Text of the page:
Post-Olympics public spending boost, BoJ holding firm

Post-Olympics public spending boost, BoJ holding firm

Japan’s government appears to be lining up a stimulus programme to prevent an economic downturn after the Tokyo Olympics next year. While increased public spending would provide a welcome boost to GDP, we don’t believe there’s any particular reason to expect a post-Olympics slowdown. Meanwhile, the Bank of Japan is bucking the global trend towards additional monetary easing. Unlike some commentators, we don’t think that loosening by other major central banks puts the Bank of Japan’s policy framework under pressure.
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Japan Economics Update

What would a hard lockdown mean for Japan?

With the Delta variant lifting new infections to a record-high, calls for a “hard” lockdown are growing. If that happened, services activity would fall further but we doubt that the government would shut down industry. And with households and firms now better prepared to deal with virus restrictions, it seems likely that GDP wouldn’t revisit last year’s lows.  

2 August 2021

Japan Economics Weekly

Another disappointing quarter

Strong activity data for June confirm that the economy entered Q3 on a relatively strong footing. But while vaccinations are limiting the number of severe cases and deaths, daily coronavirus cases have surged beyond previous peaks in the Greater Tokyo area this week. That’s prompted the government to expand Tokyo’s state of emergency declaration to the surrounding prefectures and Osaka. As such, the recovery in consumer spending will probably be knocked back yet again in August. We’re revising down our Q3 forecasts and pushing more of the rebound into Q4 and 2022.

30 July 2021

Japan Data Response

Labour Market, Ind. Production & Retail Sales (Jun. 21)

Retail sales, industrial production and employment all rebounded strongly in June, pointing to a sizeable recovery in activity in between the Alpha- and Delta-driven coronavirus waves. That supports our view that the economy just about avoided a contraction in Q2 and entered Q3 on a stronger footing.

30 July 2021

More from Capital Economics Economist

Emerging Markets Economics Chart Book

EM growth running at a three-year low

EM GDP growth slowed to just 3.3% y/y in Q1, its weakest pace since the first half of 2016, and our Tracker suggests that it remained sluggish in Q2. Growth should pick up a little in the second half of the year. Large commodity producers, such as Brazil, Russia and South Africa, are likely to find their feet again after a terrible performance in Q1. And Turkey and Argentina should recover from the downturns caused by last year’s currency crises. But growth will remain weak and, in most cases, our 2019 and 2020 GDP growth forecasts are below consensus.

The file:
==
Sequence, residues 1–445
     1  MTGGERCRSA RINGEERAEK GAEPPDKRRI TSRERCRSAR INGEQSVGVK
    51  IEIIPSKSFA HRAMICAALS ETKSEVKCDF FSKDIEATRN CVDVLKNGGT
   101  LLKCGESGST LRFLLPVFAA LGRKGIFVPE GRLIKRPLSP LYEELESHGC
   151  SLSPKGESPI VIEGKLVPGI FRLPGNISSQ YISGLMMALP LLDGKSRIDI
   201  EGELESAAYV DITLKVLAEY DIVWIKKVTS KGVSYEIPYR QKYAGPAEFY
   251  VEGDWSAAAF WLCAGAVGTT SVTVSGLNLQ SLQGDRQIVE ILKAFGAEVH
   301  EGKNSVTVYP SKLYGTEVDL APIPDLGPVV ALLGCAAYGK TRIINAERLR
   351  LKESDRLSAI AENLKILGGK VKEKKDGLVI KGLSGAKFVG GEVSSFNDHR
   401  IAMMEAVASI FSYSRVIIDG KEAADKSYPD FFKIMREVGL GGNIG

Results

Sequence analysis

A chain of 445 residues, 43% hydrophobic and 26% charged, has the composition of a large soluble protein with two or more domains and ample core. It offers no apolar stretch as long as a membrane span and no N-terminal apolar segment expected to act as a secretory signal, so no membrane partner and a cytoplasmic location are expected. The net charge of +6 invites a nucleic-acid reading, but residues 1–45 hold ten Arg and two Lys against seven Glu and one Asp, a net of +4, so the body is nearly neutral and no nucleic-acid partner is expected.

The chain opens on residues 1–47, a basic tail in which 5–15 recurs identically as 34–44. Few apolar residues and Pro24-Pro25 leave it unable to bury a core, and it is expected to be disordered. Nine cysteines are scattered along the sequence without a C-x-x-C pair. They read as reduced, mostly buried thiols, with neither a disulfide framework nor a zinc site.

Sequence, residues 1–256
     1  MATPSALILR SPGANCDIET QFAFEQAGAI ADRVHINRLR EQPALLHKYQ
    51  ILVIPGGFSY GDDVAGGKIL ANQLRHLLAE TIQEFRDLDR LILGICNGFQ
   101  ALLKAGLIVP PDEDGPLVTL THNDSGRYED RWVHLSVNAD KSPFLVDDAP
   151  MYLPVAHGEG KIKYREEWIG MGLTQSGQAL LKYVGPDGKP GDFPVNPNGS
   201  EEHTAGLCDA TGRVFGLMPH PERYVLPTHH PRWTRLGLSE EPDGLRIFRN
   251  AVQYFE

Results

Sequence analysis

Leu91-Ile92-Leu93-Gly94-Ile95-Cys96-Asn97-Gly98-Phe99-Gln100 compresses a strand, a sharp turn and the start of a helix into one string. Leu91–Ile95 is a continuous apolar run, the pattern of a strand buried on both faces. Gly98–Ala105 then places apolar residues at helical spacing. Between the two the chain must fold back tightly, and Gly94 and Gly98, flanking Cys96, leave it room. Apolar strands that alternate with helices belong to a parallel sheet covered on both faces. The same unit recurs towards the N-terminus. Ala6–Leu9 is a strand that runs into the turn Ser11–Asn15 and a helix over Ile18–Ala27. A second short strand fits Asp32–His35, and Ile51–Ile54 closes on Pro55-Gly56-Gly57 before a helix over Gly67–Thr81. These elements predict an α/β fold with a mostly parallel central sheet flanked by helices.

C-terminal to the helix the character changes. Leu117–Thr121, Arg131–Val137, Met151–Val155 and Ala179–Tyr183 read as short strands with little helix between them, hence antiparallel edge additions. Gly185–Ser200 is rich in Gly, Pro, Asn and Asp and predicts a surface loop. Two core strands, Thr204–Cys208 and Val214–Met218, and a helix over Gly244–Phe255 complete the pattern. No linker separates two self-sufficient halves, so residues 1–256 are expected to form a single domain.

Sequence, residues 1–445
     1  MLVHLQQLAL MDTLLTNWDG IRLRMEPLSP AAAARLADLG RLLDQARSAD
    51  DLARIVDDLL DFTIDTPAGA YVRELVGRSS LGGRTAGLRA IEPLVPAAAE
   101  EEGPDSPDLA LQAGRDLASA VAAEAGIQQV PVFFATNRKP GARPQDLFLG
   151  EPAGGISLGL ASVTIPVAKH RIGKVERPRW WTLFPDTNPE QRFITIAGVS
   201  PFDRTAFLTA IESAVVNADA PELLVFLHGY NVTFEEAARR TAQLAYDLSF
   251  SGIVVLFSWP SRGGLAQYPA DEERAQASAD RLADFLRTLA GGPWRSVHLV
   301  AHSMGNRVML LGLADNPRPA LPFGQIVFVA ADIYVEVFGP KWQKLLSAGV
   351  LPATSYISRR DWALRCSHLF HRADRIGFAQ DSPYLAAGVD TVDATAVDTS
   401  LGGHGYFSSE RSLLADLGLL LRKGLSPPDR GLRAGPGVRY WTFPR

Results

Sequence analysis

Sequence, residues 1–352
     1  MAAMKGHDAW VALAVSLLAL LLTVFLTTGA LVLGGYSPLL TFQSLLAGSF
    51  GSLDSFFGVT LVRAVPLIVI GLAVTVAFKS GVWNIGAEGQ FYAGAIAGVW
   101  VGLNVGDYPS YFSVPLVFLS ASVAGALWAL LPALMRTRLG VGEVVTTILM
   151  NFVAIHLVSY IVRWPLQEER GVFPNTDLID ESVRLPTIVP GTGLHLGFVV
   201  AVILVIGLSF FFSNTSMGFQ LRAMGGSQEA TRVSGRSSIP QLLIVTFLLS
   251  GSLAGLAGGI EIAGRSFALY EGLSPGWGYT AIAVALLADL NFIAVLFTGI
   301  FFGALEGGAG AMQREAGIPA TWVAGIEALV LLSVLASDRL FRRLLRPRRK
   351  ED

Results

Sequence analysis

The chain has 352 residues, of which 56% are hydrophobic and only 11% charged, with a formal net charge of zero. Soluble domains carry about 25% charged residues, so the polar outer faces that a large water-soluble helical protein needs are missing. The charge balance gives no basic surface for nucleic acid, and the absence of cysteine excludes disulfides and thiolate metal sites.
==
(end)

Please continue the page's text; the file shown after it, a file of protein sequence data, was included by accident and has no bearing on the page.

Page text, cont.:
21 June 2019

Emerging Asia Economics Weekly

Growth continues to weaken, rates to be cut further

After a very weak first quarter that saw GDP growth in many countries drop to a post-financial crisis low, the most recent data suggest growth across Emerging Asia has continued to slow. Weak growth is likely to prompt further interest rate cuts over the coming months across the region. Despite leaving rates unchanged on Thursday, we expect the central banks of the Philippines and Indonesia to loosen monetary policy at their next meetings.

21 June 2019

China Economics Weekly

Baoshang reverberations, WTO defeat

In a Focus last month, we discussed what we see as the most plausible hard landing scenario for China: troubles at a small bank that spread to the interbank market and trigger a systemic banking crisis. There are disconcerting similarities in the strains that have followed the regulatory takeover of Baoshang Bank. These have intensified in the past week, taking credit spreads for low-rated banks to record levels. This may not be the Big One but recent events underline that a banking crisis is a significant medium-term risk. Meanwhile, China conceded defeat this week in a key case at the WTO. It will be hoping for a better outcome from talks between Presidents Xi and Trump at the upcoming G20.

21 June 2019
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